What I never wrote to my father
When it came to disciplining me, my father often referred to several verses in the King James Version of the Bible. One of his key verses was Proverbs 16:18 (KJV):
Pride goeth before destruction, and an haughty spirit before a fall.
He believed he was responsible for beating pride out of me. From his perspective, my anger proved I was a prideful daughter intent on getting my way. According to him I thought I knew better than he when it came to punishment, rules or decisions.
If I didn’t comply with his will, another proverb told him what to do. I’ve changed the personal pronouns. Proverbs 23:13-14 (KJV) says,
Withhold not correction from the child:
for if thou beatest her with the rod, she shall not die.
Thou shalt beat her with the rod, and shalt deliver her soul from hell.
Before you get angry with my father, think about this: Like many other parents, he passed on what his father did to him. I can’t exonerate him. He did what he did. He was responsible for what he did; I was not. I do, however, have compassion for him. I know from experience how difficult it is to raise children.
Here’s the so-called Good News Version (TEV) of the same verses in Proverbs 23:13-14:
Don’t hesitate to discipline children.
A good spanking won’t kill them.
As a matter of fact, it may save their lives.
Nonetheless, even a “good spanking” can kill a child’s spirit. Do you or I know a child’s inner spirit? The spirit of this child may be terrified because her main agenda is to grit her teeth and get through whatever you or I decide to do to her vulnerable body.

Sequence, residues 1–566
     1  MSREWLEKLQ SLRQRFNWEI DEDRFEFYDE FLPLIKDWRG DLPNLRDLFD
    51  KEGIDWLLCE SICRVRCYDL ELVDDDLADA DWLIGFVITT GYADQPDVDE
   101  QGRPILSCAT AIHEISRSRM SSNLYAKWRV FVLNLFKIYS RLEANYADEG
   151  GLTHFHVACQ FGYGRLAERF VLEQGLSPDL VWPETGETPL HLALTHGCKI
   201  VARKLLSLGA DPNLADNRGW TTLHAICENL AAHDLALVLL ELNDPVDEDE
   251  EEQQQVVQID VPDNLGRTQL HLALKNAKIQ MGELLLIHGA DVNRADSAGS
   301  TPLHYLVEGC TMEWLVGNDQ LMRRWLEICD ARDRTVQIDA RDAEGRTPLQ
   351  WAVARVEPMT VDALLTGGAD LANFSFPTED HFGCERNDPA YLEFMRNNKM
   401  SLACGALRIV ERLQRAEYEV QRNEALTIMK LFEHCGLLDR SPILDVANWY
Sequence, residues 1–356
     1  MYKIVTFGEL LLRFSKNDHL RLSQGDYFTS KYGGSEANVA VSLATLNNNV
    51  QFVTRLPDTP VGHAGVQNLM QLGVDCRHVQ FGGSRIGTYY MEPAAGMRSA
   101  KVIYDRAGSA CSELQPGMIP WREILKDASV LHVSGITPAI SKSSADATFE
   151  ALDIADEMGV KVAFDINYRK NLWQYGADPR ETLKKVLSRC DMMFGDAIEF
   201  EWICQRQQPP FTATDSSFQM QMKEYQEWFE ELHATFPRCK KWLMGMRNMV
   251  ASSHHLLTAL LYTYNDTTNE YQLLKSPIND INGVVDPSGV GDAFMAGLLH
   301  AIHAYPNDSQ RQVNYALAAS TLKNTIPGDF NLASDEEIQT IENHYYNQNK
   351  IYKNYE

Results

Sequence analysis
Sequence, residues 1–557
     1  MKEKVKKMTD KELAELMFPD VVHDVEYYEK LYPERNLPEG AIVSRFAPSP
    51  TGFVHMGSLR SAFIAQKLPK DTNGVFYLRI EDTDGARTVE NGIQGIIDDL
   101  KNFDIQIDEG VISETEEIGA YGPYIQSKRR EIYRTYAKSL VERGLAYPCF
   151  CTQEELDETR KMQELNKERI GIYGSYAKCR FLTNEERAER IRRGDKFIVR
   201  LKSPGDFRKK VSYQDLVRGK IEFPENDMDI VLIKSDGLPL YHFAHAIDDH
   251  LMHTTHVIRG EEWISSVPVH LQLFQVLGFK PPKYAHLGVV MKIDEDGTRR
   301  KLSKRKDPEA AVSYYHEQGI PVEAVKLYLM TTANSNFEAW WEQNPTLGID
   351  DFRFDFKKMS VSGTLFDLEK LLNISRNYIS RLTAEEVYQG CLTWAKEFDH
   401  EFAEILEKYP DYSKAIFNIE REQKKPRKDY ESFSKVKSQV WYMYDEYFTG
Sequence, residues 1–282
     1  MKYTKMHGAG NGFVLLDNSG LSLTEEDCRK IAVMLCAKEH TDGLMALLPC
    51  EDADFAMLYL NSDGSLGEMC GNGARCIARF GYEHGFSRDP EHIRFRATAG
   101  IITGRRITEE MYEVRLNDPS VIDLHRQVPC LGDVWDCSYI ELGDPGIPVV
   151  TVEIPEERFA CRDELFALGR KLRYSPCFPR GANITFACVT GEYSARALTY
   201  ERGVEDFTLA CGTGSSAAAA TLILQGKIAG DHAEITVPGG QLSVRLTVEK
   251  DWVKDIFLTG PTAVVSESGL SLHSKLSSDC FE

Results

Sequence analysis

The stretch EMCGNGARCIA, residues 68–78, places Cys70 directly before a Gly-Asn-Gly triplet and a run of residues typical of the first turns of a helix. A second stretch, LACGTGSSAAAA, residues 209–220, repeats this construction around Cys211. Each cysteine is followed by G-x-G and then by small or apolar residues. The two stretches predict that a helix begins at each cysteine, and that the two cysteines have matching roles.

What is a “good spanking” anyway? Sometimes I needed discipline. Yet I never needed my father’s version of corporal punishment. Corporal humiliation is never a “good spanking.” It’s humiliation of the weak by the powerful. An abuse of power.
Whatever this “good spanking” is about, it isn’t about humiliating a child’s body or spirit. If the point of the proverb is to say parents mustn’t hold back when it comes to disciplining their children, that can be done in other ways.
As an adult, I’m responsible for welcoming children and young teenagers into my life. They’re strangers I’m privileged to get to know and learn to discipline appropriately. It isn’t always easy. Yet hospitality offers another way to relate to them and to myself.
- Hospitality welcomes children and young people God sends into my life.
- Hospitality isn’t overbearing and doesn’t make quick assumptions.
- Hospitality asks questions and listens.
- Hospitality gets interested in what children and young people think and feel.
- Hospitality doesn’t pry, or spy on others.
- Hospitality listens, affirms, and collaborates to solve problems.
- Hospitality isn’t rude, bossy, impatient or quick to take offense.
- Hospitality creates and maintains reasonable, healthy boundaries.
In other words, hospitality is the shape of love.
Here’s what I never wrote to my father:
Please treat me as a human being created in the image of God. That’s all I want. I don’t want to fight with you or disappoint you. I want to be myself and count on you to help me without humiliating me. I want to be proud of myself and proud of you.
Your first-born daughter,
© Elouise Renich Fraser, 27 November 2015, edited and reposted 20 May 2021
Image from thenextfamily.com